Vehicle animal collisions are on the rise, according to State Farm, surpassing 2 million in its latest 12-month reporting period. According to its new data, taken from July 2020 to June of 2021 during the pandemic, animal collisions increased 7.2% from the prior reporting period. State Farm says an increase in speeding during the pandemic could be a factor in the increased number of animal vehicle collisions.
Top 5 States
State Farm lists the top 5 states in terms of animal collisions (as tallied by the number of insurance claims) as:
- Pennsylvania (with 166,404 estimated auto insurance claims filed for the entire industry),
- Michigan (132,387)
- Texas, where the estimated total number of animal strike claims (131,373) grew 19% since the previous period
- California, where the claims number (104,767) exploded by a 65% compared to the previous 12-month period
- North Carolina (98,409).
There is a notable increase in the percentage of crashes in both Texas and California. The most dangerous months for animal collisions are November, October, and December.
For another perspective, State Farm looked at the LIKELIHOOD of drivers hitting an animal, and the results are a little different. In this analysis, researchers looked at the number of drivers and compared it to the number of insurance claims filed.
- West Virginia leads the nation in this type of risk (1 in 37 chance),
- Montana, where the chances of hitting an animal (1 in 39) grew 17% since the previous period
- South Dakota (1 in 48)
- Michigan and
- Pennsylvania (both, with 1 in 54 chance).
Compare those numbers to the District of Columbia where drivers have a much lower probability of 1 in 569 of hitting an animal.
“Animal collisions remind us of the intrinsic risk that comes with driving a motor vehicle that has the potential of travelling very fast. Scanning the road while we drive and avoiding speeding, which has been very prevalent during the pandemic, can avoid and reduce the severity of all kind of car crashes, including those where pets or wild animals are involved,” said Operations Vice President Kimberly Sterling, Auto Claims teams lead at State Farm.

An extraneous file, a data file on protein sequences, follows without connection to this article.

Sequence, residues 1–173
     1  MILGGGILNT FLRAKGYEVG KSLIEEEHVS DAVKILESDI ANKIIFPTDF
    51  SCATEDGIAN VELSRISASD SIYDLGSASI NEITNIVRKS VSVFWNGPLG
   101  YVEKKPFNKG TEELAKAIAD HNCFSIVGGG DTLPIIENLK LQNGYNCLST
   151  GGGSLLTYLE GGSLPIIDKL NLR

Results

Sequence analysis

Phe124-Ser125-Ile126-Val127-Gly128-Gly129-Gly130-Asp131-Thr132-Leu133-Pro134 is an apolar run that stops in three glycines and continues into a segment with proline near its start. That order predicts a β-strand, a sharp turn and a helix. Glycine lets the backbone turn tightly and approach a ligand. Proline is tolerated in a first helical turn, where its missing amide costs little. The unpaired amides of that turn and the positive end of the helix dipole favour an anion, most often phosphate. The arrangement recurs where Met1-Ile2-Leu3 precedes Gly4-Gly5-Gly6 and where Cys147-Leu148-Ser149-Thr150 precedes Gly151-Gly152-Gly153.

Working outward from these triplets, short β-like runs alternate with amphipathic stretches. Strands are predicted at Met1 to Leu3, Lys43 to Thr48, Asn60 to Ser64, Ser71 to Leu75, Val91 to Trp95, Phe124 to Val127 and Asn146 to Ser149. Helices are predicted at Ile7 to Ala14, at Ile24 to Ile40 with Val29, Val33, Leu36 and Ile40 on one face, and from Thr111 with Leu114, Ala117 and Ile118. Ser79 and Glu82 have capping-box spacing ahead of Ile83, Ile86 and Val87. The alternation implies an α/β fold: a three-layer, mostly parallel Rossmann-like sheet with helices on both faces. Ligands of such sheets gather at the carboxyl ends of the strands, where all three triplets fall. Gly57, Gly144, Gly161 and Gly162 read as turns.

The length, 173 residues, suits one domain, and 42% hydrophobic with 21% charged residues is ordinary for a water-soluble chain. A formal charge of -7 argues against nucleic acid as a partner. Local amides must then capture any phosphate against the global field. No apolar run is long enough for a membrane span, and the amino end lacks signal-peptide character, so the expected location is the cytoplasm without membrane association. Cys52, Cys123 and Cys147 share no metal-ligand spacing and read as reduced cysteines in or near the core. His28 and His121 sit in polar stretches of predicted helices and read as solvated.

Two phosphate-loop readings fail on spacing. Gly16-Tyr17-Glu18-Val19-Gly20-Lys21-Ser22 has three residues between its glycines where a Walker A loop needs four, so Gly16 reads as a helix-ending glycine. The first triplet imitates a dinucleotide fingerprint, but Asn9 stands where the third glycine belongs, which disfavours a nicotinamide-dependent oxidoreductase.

As for what types of animals are most involved, it's a varied list. Here are the statistics for the recent 12-month reporting period:
- Deer (an estimated 1.4 million)
- “Unidentified animals” (189,715)
- Rodents (110,976)
- Dogs (92,924)
- Raccoons (58,020).
For the calculation of the industry claim estimates, State Farm says it took into account the number of animal collisions claims it received, the company's market penetration (proprietary), and the number of licensed drivers in each state.
Tips to Prevent Animal Collisions
State Farm shares a list of 10 tips that could help you avoid a dangerous collision with an animal.:
- Slow down, especially if you see an animal close to the road.
- Stay alert. Scan the road for animals day and night, both in the countryside and in the city, and pay attention to “deer crossing” and other animal signs.
- Reduce distractions. Put the cell phone away. It can help you avoid injuring motorcyclists, bicyclists, pedestrians and animals too.
- Brake as necessary. If you can avoid hitting the animal, reduce your speed, honk your horn and tap your brakes to warn other drivers.
- Don't swerve. If a crash with an animal is inevitable, maintain control of your vehicle and don't veer off the road.
- Use high beams. Flicking your high beams on a deer may cause the animal to scurry away.
- Be aware of peak season. Deer crashes happen most often during October through December, which is hunting and mating season.
- Be mindful of meal time. Watch for animals on the road between dusk and dawn.
- Watch for herds. If you see one deer, there are probably more nearby.
- Speak with your State Farm agent about comprehensive coverage, which typically covers repairs for collisions with animals, after your deductible.
If you do hit an animal, make sure you and your passengers are ok. State Farm advises you to call 911 if the animal is large and still there after you hit it. Also make sure your vehicle is safe to drive after the incident. It's also a good idea to take photos (when it's safe to do so).
Source: State Farm.